Magazine article The New Yorker

The Talk of the Town: Bill and George

Magazine article The New Yorker

The Talk of the Town: Bill and George

Article excerpt

Bill Clinton came to George Plimpton's house on a very hot night last week to attend a party for the new book "The Games We Played," to which both gentlemen contributed chapters. Clinton wrote about playing a kind of bat-and-ball in Hot Springs, Arkansas, as a kid, and Plimpton wrote about igniting cherry bombs to shoot small rubber balls into the sky.

"I don't know how to introduce anybody, because I don't know anybody here," Plimpton said in his genial, elegant manner as his Upper East Side home (which is also the headquarters of The Paris Review) filled up with perspiring guests. They made twilight small talk, regularly casting casual but eager glances toward the front door. Plimpton said, "I never had a President in the house--just lots of senators and would-be's, like John Lindsay and Bobby Kennedy and Ed Koch."

A red-haired young man approached. "I'm Steve Cohen, the editor of the book," he said. "My red-haired baby, Abigail, is here, and that's her mother holding her."

"I was just told the President likes to walk into a room with hordes," Plimpton said. "He likes a sea of people around him." He went outside to keep an eye out for Clinton.

"The President calls me Scoop," Cohen said. "I was just out of college in the summer of 1991, and I heard a rumor about him, so I jumped in my car and drove down to his campaign headquarters. I just showed up. I told him about the rumor, and it turned out to be false, but they've called me Scoop ever since. I was his press aide until 1995, when I shifted over to Mrs. Clinton. I haven't seen him since January. But he came through for the book."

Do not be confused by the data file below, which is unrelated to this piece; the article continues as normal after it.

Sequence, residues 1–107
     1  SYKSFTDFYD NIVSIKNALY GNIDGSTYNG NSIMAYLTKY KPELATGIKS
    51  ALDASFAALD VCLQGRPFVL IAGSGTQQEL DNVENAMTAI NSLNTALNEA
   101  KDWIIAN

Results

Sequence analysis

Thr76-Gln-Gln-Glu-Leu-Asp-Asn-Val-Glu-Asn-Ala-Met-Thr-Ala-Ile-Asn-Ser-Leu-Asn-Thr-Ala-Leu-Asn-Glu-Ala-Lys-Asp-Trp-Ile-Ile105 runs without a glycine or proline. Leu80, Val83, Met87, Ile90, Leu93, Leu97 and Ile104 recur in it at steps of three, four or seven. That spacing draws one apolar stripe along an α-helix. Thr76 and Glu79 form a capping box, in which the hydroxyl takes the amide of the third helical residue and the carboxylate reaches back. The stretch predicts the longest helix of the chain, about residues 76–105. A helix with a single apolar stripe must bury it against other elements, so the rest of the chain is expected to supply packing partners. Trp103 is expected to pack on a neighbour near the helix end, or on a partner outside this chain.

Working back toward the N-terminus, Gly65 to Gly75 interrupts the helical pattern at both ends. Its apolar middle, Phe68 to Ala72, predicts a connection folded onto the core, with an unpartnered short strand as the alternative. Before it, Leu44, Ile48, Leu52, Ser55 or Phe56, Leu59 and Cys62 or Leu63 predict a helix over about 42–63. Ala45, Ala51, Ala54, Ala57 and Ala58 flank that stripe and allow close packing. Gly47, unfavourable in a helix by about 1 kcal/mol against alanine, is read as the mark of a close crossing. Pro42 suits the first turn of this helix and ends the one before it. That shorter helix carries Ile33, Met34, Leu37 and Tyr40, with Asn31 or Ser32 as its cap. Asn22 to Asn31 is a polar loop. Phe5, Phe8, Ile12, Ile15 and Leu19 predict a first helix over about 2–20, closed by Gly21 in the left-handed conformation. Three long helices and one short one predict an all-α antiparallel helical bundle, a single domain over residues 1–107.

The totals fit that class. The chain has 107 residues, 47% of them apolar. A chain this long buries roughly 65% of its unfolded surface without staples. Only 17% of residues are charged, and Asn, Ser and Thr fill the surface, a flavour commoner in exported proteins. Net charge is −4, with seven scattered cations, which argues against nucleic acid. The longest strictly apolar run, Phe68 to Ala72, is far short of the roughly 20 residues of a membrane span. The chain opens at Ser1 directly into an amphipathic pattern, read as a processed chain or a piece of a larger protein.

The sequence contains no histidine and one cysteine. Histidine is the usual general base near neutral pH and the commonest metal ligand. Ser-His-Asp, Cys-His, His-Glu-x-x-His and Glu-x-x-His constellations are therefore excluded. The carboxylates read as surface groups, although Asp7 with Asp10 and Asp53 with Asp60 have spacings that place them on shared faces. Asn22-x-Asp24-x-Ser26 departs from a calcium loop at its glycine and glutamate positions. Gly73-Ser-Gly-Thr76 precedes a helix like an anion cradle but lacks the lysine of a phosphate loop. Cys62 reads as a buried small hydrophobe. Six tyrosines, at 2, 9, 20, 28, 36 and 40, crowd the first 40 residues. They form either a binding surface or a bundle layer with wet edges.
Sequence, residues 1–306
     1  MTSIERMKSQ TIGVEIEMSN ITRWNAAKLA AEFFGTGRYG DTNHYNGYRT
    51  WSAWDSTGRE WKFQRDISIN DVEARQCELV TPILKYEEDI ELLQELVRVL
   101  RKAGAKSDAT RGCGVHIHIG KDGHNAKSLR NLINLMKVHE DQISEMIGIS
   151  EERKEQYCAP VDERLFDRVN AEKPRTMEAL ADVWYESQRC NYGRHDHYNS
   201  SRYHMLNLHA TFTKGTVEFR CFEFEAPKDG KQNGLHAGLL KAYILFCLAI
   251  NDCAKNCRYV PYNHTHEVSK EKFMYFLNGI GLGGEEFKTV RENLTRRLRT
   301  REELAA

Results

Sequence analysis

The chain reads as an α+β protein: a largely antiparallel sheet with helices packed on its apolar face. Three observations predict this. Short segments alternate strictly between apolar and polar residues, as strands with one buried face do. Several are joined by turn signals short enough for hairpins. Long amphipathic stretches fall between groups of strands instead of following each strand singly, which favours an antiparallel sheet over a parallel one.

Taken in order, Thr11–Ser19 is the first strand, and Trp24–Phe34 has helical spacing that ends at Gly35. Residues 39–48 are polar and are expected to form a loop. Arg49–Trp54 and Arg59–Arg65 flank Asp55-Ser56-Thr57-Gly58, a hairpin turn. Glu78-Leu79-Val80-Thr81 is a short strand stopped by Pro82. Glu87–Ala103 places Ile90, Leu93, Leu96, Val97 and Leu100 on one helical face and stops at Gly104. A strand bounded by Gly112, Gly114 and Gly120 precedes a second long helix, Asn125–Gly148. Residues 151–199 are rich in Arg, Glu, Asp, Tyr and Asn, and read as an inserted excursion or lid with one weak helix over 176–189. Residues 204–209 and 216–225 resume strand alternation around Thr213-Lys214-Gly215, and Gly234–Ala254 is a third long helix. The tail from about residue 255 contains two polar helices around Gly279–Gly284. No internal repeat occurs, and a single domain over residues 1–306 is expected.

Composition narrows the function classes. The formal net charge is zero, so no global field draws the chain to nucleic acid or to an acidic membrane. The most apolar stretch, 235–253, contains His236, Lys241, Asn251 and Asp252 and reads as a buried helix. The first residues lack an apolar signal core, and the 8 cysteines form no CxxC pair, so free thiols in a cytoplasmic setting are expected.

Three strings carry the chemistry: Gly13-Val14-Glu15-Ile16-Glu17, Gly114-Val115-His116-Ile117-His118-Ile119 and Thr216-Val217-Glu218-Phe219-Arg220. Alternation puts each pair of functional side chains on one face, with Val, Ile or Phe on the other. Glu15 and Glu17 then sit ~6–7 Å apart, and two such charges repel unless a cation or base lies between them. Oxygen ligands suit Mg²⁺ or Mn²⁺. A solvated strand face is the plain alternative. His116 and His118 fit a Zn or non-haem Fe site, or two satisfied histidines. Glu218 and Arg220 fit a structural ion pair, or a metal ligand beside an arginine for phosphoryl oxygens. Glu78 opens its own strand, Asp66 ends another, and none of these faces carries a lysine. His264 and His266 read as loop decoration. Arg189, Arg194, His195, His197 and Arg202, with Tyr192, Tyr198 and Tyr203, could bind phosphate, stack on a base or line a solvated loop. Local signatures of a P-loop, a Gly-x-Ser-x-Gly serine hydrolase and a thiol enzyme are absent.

A couple of very skinny, twentyish fellows in blazers introduced themselves as Billy and Dixon. "I wasn't old enough to vote for President Clinton," Billy said.

"In the last election I did the next best thing. I wrote in his name on the ballot," Dixon said. "Everybody here wants to vote for him again for something."

Plimpton dashed back into the room, sweating, and not his usual unflappable self. "I just met him out front!" he said. "Somebody handed him a child, and the child instantly began to cry. I then said something I'm sure he's heard a thousand times. I said, 'She must be a Republican!' Everything I said was out of order. But he's here!"

There he was, in a sea of sweating, shining faces, his own face cool and dry and cheerful, under a snowy thick mane of hair. …

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